The particular explanatory potential of the master frame is laid out in connection with Sidney Tarrow’s work on cycles of protest. Tarrow, among others, found that protest movements occur clustered through time, and spread geographically from what might be considered to be the epicentre of protest and Snow and Benford suggested that this could be explained by the rise of a particular master frame developed by ‘early riser’ movements. The development of the master frame (‘civil rights’ is perhaps the most solidly applied example) offers a cultural tool which could then subsequently be used in different contexts by different social movements. That is, other SMOs, having perceived the success of the master frame then build their own collective action frames with direct reference to that master frame. Given the nature of interpretive frames it was expected that the master frame would have a level of stability that, while enabling subsequent movements’ emergence, would also constrain their possibilities in terms of frame creation and innovation.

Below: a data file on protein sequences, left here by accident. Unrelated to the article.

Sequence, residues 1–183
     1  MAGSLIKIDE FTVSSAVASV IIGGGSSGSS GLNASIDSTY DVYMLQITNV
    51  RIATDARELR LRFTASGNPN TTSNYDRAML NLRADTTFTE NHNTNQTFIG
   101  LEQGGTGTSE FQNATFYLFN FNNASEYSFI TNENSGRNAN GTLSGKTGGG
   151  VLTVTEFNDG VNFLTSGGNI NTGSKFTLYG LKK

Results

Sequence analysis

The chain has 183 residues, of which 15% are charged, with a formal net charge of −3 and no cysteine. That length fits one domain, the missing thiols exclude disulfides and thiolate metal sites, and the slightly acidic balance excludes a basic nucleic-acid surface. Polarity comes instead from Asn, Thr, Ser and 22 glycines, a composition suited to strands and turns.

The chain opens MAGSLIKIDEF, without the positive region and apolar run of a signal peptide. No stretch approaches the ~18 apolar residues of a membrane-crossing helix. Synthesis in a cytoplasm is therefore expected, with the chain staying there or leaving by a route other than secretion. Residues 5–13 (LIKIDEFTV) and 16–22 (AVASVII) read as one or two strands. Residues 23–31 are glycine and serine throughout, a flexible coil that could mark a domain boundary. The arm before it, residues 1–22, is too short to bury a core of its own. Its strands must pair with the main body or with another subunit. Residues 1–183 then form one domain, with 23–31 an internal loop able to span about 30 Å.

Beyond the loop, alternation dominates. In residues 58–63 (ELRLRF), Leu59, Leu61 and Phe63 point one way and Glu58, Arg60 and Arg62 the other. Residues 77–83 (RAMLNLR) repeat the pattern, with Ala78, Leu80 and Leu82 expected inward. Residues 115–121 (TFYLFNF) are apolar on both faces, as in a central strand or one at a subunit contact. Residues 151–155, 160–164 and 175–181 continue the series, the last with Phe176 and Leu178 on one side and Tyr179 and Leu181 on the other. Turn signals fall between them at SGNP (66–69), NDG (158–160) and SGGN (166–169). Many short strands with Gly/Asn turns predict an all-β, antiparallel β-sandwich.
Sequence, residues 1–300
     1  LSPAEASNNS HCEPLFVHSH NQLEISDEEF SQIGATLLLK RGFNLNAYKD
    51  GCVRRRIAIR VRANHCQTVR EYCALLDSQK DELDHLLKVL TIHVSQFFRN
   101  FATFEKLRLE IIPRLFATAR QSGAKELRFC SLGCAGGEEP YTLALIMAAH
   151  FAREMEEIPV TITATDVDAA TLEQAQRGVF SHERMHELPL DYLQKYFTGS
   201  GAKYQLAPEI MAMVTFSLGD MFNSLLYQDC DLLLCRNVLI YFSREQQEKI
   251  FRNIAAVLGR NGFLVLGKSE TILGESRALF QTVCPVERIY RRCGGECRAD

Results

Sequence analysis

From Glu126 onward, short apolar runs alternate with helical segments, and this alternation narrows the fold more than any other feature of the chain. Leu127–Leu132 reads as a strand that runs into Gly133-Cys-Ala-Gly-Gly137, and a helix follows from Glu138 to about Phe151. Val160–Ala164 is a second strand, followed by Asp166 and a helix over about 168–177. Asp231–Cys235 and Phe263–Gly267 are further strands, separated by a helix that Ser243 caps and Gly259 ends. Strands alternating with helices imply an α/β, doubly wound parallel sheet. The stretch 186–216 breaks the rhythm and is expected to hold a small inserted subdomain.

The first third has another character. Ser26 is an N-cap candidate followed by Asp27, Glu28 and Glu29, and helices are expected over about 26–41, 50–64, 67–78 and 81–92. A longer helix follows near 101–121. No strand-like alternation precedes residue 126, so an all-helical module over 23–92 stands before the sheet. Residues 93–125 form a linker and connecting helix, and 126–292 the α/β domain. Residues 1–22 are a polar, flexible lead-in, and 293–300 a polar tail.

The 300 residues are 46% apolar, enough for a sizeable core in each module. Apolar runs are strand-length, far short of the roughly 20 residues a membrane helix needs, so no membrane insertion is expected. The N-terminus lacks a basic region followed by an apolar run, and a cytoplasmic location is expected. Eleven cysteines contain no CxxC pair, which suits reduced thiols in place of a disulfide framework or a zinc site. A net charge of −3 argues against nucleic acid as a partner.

The work on master frames makes a number of useful connections. By, first, connecting the claims made by a movement to the wider culture it can offer a partial explanation of the success or failure of a movement in achieving its goals. This carries the assumption that the closer a frame is to the broader culture, the more likely it is to have influence within the relevant decision making arenas and is thus located at the intersection between the meso level of group activities and the macro level of social structures. Because we assume that elements of broad cultural themes are shared by individuals within the culture, the concept, second, offers to explain success or failure in mobilisations. We assume that the closer a frame is to the broader culture, the more it keys into the ideas that individuals already hold, thus gaining a degree of consensus. Because this connects with individuals’ interpretations, this links the meso level of group activities with the micro level of individual action.